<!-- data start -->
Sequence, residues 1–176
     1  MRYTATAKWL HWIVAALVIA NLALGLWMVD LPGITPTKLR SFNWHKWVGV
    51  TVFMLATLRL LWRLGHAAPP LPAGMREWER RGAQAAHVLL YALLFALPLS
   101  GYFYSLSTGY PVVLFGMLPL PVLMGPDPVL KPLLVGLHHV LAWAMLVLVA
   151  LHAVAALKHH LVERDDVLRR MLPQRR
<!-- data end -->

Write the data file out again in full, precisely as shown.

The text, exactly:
Sequence, residues 1–176
     1  MRYTATAKWL HWIVAALVIA NLALGLWMVD LPGITPTKLR SFNWHKWVGV
    51  TVFMLATLRL LWRLGHAAPP LPAGMREWER RGAQAAHVLL YALLFALPLS
   101  GYFYSLSTGY PVVLFGMLPL PVLMGPDPVL KPLLVGLHHV LAWAMLVLVA
   151  LHAVAALKHH LVERDDVLRR MLPQRR